Smoking trends over time can be a useful predictor of lung cancer incidence and mortality.9 On the other hand, the long period between starting smoking and developing lung cancer makes it a poor indicator for evaluating the outcome of current tobacco control policies: even if the prevalence of smoking falls, mortality due to lung cancer may continue to rise, due to the effects of previous tobacco consumption.

Starting smoking and continuing the habit differs between sexes and ages. In Spain, gender differences have been observed in the prevalence of tobacco use: while it is always more common among men, rates among men have remained unchanged or even fallen in recent years, while smoking has increased among women.10 The Gender Inequality Index (GII) is a tool which measures loss in potential development due to inequality between men and women, according to 3 dimensions: reproductive health, empowerment, and the labor market. Between 1960 and 2010, a close correlation (r=−0.99) was recorded between the GII and the ratio of female smokers to male smokers; as the GII fell, the male/female smoking ratio came close to 1.11 The association between tobacco use by sex and gender inequality, and the fact that gender equality is improving in Spain, may signal an increase in the incidence of tobacco-related cancers, particularly lung cancer, among women, with the accompanying increase in mortality.

These differences in the prevalence of tobacco use by sex underline the importance of examining lung cancer mortality in Spain in recent decades. The objective of this study was to describe and compare gender-related trends in lung cancer mortality in Spain between 1980 and 2013.

Methods

Death records were retrieved from the National Institute of Statistics12 for the study period (1980–2013) and stratified by sex, age group (18 groups, from 0 to 4 years of age to 85 years or older), and principal cause of death coded according to the 9th and 10th Editions of the International Classification of Disease (ICD),13 depending on the year of the data (ICD-9 from 1980 to 1998 and ICD-10 from 1999 to 2013). For this study, the codes for lung cancer in both editions were used (code 162 for the ICD-9 and codes C33 and C34 for the ICD-10). To calculate the population over the study period, census data were used for 1981, 1991, 2001 and 2011, and estimates from the National Institute of Statistics were used for the intercensus years.12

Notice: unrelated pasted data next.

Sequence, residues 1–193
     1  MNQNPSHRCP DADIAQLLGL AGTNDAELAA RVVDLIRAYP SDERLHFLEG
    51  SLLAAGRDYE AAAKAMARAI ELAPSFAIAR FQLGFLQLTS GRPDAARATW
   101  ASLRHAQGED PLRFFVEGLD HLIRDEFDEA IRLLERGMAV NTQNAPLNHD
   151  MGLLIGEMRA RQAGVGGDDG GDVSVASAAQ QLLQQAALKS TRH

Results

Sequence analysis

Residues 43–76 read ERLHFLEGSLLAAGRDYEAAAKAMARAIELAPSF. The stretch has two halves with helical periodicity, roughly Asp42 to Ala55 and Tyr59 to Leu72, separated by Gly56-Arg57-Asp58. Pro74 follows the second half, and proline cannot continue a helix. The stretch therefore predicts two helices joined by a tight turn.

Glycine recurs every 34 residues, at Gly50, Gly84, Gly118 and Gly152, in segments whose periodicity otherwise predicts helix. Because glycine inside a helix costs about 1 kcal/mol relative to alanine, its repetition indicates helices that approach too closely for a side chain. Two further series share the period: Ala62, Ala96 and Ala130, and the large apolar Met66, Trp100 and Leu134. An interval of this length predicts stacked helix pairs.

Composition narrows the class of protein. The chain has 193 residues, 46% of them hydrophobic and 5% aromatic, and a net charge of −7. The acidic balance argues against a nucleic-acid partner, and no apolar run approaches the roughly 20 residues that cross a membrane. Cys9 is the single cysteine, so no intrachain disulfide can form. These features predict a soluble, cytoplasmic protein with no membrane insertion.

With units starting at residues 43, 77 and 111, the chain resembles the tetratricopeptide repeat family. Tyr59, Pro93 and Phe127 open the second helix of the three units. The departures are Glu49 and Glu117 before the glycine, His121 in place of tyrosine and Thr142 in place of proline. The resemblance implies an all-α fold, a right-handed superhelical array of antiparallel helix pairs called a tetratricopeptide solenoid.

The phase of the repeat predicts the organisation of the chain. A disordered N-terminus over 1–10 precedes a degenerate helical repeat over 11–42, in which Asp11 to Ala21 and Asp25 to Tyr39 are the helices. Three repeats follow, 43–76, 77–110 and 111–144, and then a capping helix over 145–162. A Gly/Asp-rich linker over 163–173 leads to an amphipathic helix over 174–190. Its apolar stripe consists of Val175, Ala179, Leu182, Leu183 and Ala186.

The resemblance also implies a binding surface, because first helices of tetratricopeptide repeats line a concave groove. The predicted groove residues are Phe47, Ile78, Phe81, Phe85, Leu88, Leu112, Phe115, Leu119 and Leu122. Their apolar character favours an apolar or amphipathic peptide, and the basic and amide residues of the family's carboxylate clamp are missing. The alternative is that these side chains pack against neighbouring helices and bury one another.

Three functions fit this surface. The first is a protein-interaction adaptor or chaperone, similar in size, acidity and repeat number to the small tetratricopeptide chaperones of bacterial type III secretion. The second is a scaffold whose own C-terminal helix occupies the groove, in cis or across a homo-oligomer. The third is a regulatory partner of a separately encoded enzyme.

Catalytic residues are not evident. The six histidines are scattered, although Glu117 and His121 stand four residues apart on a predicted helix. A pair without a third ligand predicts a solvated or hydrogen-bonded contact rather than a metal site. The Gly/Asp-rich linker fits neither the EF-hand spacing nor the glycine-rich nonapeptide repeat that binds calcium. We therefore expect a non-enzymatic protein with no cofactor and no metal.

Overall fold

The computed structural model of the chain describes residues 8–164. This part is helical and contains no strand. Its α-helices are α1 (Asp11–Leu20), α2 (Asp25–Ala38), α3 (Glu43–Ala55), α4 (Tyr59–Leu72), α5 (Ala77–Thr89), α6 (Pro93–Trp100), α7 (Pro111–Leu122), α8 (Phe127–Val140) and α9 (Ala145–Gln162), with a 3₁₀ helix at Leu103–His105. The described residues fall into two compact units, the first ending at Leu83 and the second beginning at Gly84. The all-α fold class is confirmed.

The crude mortality rate (CMR), the truncated mortality rate (TMR) (from 45 to 74 years of age), direct standard world population for the period 2000-2025 age-adjusted mortality (AAMR)14 and age-specific mortality rates (for the following groups: <45 years, 45–54 years, 55–64 years, 65–74 years, and >=75 years). All rates are presented per 100,000 person-years.

The joinpoint regression model was used to estimate changes in trends in the different mortality rates.15 Years in which the trend changed were identified (joinpoints) and the trend before the first joinpoint, between 2 joinpoints and after the last joinpoint were estimated using the annual percent change (APC) of the rates. The model was limited to a maximum of 2 joinpoints, which would represent 3 different trends. All analyses were performed using the Joinpoint Regression Program, version 4.0.16

Results

Table 1 shows the CMR, the TMR and the AAMR for men and women. In men, 3 time trends were observed for CMR, TMR, and AAMR. The CMR showed an increasing trend until 2001, followed by a statistically significant fall (APC=−0.56%). The TMR (age groups 45–74 years) tended to fall after 1992, as did the AAMR. In women, 3 time trends were also observed for CMR, TMR and AAMR; however, in this case, an increase was observed in all rates after the beginning of the 1990s (Table 1), and after the end of 1990s, the increases in TMR and AAMR of around 5% were statistically significant (TMR 5.42% from 1999 and AAMR 4.41% from 1997).

Table 1.

Crude, Truncated and Age-Adjusted Mortality Rates for Lung Cancer and Joinpoint Analysis by Sex in Spain (1980–2013).

Mortality Rate  MenWomen
  1980  2013  APC (95% CI)1980  2013  APC (95% CI)
CMR  41.41  76.36  1980–1992  4.60  (4.34; 4.86)**  6.16  17.34  1980–1989  0.65  (−0.03; 1.33) 
      1992–2001  1.05  (0.58; 1.52)**      1989–2000  3.11  (2.52; 3.70)** 
      2001–2013  −0.56  (−0.81; −0.31)**      2000–2013  4.87  (4.47; 5.28)** 
TMR (45–74 years)  113.78  129.74  1980–1991  3.85  (3.61; 4.09)**  12.40  30.08  1980–1990  −0.80  (−1.37; −0.24)* 
      1991–2001  −0.26  (−0.57; 0.06)      1990–1999  2.60  (1.78; 3.43)** 
      2001–2013  −2.21  (−2.41; −2.01)**      1999–2013  5.47  (5.11; 5.83)** 
AAMR  37.45  44.23  1980–1991  3.12  (2.84; 3.41)**  4.43  9.34  1980–1989  −1.00  (−1.67; −0.33)* 
      1991–2001  −0.10  (−0.47; 0.28)      1989–1997  1.82  (0.82; 2.83)** 
      2001–2013  −1.53  (−1.77; −1.29)**      1997–2013  4.41  (4.11; 4.70)** 

APC, annual percentage change; 95% CI, 95% confidence interval; AAMR, age-adjusted mortality rate; CMR, crude mortality rate; TMR, truncated mortality rate.

*

p<0.05.

**

p<0.001.